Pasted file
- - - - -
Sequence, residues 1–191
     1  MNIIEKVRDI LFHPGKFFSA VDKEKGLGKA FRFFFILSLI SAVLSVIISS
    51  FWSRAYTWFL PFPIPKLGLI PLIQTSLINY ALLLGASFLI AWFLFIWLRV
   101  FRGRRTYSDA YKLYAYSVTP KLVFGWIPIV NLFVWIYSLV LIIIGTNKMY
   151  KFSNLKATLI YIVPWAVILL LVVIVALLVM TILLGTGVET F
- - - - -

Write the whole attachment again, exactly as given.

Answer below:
Sequence, residues 1–191
     1  MNIIEKVRDI LFHPGKFFSA VDKEKGLGKA FRFFFILSLI SAVLSVIISS
    51  FWSRAYTWFL PFPIPKLGLI PLIQTSLINY ALLLGASFLI AWFLFIWLRV
   101  FRGRRTYSDA YKLYAYSVTP KLVFGWIPIV NLFVWIYSLV LIIIGTNKMY
   151  KFSNLKATLI YIVPWAVILL LVVIVALLVM TILLGTGVET F